I’ve missed a lot of really good todays worrying about tomorrow.

Today there are things and people in front of you that are there for today and that’s what you know. That will be consistent as long as you have today. I’m convinced that the only way to make a decision is to realize the fragility and beauty in that.

My job has ended, but the relationships with the people are what I will choose to keep. Just like when I moved away from Georgia, from home, from other jobs and places.

Because during a bad diagnosis, a failed dream, a deep loss, or a huge success, what you’ll be sitting shoulder to shoulder with are not the plans you made, but the people you chose to keep.

Last night I got in my car and drove to my best friend’s house. I came inside and we covered up with blankets and just let all of the pain and frustration from the week come out. In the moment of being my best and worst version all I could think about was that line from earlier in the afternoon: all we have are the people we choose to keep.

Our friendship has been one of distance, miles, phone calls, meeting in the middle, but it has been one of the best decisions of our lives. When it all starts falling apart, my job isn’t the place that offers me a warm bed, a cup of coffee, and a place to clear my head. My failed or passed class doesn’t sit with me in my pain, anger, uncertainty, or lack of clarity. The poster of dreams I drew up five years ago won’t look me in the eye and remind me that I’m going to be okay, and that I’m not going to get stuck, there’s just no way God would let that happen. The friend we chose to keep in the inconvenience of circumstances, uncertainty of plans, and instability of emotions is the person who sat with us last night and reminded us that no matter what plans we make or change, we’re not alone.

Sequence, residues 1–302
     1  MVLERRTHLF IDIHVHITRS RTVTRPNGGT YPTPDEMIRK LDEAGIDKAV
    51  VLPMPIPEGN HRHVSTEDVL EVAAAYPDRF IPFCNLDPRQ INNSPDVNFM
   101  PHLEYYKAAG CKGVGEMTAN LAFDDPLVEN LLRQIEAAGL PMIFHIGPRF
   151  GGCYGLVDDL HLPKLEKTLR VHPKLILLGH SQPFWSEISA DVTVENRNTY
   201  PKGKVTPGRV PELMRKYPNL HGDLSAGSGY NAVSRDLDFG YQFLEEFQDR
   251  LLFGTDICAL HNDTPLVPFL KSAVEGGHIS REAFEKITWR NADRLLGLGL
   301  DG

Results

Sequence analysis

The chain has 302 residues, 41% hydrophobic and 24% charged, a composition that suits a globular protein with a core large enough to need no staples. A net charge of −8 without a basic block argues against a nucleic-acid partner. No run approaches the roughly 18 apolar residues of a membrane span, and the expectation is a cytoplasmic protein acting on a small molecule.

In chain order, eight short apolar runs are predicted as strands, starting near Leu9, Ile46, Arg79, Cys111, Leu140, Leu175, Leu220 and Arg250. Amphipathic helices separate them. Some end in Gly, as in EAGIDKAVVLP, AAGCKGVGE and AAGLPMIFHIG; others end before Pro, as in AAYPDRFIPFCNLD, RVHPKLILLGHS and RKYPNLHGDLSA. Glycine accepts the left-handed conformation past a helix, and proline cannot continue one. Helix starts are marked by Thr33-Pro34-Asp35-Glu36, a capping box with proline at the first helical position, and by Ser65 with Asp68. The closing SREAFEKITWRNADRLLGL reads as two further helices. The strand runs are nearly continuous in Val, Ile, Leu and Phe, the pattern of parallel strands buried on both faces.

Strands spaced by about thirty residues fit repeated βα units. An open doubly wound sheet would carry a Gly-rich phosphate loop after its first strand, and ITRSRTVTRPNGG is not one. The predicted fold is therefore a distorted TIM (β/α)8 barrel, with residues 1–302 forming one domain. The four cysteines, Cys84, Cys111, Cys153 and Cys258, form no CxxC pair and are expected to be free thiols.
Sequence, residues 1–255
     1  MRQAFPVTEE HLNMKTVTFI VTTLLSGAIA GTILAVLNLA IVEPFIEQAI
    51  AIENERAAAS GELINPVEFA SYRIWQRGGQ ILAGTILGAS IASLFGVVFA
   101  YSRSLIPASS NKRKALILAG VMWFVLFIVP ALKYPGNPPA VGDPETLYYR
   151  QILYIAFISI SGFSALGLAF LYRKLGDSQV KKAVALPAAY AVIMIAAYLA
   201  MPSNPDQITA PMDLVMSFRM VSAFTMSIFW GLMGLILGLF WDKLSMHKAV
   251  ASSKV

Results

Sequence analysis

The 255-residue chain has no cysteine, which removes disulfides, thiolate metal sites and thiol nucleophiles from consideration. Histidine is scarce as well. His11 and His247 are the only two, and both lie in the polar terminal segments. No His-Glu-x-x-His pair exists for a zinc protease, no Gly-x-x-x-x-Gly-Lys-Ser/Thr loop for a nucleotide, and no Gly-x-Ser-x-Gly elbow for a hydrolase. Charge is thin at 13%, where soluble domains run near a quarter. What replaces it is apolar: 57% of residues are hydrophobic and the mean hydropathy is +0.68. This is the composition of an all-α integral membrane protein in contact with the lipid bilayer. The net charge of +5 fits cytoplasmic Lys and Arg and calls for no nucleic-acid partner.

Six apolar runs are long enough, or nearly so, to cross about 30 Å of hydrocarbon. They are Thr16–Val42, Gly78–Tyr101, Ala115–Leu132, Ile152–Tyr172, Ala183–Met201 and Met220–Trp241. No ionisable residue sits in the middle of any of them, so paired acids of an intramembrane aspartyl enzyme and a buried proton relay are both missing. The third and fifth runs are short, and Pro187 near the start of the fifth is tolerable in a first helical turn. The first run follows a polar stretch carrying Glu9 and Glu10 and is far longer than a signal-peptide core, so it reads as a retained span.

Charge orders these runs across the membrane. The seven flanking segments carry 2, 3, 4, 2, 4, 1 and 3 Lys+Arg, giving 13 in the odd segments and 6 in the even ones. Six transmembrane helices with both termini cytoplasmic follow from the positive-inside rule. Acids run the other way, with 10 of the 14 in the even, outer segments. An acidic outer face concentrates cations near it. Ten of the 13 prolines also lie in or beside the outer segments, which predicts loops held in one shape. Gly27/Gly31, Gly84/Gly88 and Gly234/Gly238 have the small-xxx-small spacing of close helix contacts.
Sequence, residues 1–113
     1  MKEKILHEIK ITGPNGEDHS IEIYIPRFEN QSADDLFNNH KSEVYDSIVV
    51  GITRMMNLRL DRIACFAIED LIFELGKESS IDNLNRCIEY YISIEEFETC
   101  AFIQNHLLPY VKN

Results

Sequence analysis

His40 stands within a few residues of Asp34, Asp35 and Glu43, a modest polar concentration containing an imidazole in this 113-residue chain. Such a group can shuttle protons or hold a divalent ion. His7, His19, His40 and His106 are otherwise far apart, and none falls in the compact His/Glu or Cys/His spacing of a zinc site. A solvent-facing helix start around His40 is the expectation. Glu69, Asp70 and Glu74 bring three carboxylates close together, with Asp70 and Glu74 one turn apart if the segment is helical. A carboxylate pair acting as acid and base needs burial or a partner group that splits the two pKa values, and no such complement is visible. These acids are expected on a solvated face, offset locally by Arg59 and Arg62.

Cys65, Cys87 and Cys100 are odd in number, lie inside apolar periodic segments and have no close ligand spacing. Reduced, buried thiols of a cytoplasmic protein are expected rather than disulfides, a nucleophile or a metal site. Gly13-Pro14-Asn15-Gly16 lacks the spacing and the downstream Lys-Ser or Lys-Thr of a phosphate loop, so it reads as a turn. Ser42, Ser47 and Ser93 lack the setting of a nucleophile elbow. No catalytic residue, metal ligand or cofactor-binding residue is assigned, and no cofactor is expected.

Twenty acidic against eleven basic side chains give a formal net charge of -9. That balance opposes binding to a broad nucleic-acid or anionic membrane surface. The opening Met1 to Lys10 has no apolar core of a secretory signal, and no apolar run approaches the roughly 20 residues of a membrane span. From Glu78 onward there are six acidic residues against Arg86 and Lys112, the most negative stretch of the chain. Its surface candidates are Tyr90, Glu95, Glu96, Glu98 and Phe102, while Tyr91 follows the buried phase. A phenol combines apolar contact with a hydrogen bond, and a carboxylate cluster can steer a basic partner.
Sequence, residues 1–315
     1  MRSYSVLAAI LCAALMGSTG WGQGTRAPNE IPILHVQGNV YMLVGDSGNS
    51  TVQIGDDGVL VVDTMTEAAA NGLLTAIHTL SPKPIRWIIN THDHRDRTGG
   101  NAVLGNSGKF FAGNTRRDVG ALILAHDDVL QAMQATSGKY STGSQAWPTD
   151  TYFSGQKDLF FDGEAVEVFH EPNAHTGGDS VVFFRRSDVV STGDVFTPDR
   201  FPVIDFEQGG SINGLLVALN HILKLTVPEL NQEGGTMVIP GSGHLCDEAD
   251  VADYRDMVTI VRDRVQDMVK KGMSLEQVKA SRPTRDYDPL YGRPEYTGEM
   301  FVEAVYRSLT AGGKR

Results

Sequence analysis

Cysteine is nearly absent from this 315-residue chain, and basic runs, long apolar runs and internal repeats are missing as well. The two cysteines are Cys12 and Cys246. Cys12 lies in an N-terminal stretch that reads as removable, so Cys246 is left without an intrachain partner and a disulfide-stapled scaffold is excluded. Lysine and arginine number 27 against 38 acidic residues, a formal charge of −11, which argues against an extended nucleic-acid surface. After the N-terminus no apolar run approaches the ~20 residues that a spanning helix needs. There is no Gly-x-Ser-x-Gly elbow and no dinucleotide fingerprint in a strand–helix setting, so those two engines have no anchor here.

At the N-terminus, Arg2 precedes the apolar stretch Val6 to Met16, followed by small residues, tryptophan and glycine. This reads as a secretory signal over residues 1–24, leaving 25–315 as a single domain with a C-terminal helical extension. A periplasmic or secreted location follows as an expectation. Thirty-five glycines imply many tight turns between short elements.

I woke up this morning to an e-mail from one of those now former co-workers and she offered me a sort of invitation that stopped me in my tracks. She simply invited me to be a person she can choose to keep.

Even though my job changed. The circumstances are different. The constants I had planned fell through. I heard that sweet reminder again: all we have is Jesus, the people we choose to keep, and the people who offer us an invitation to be the same.

 

Choosing One Another

I had a conversation earlier that stuck with me.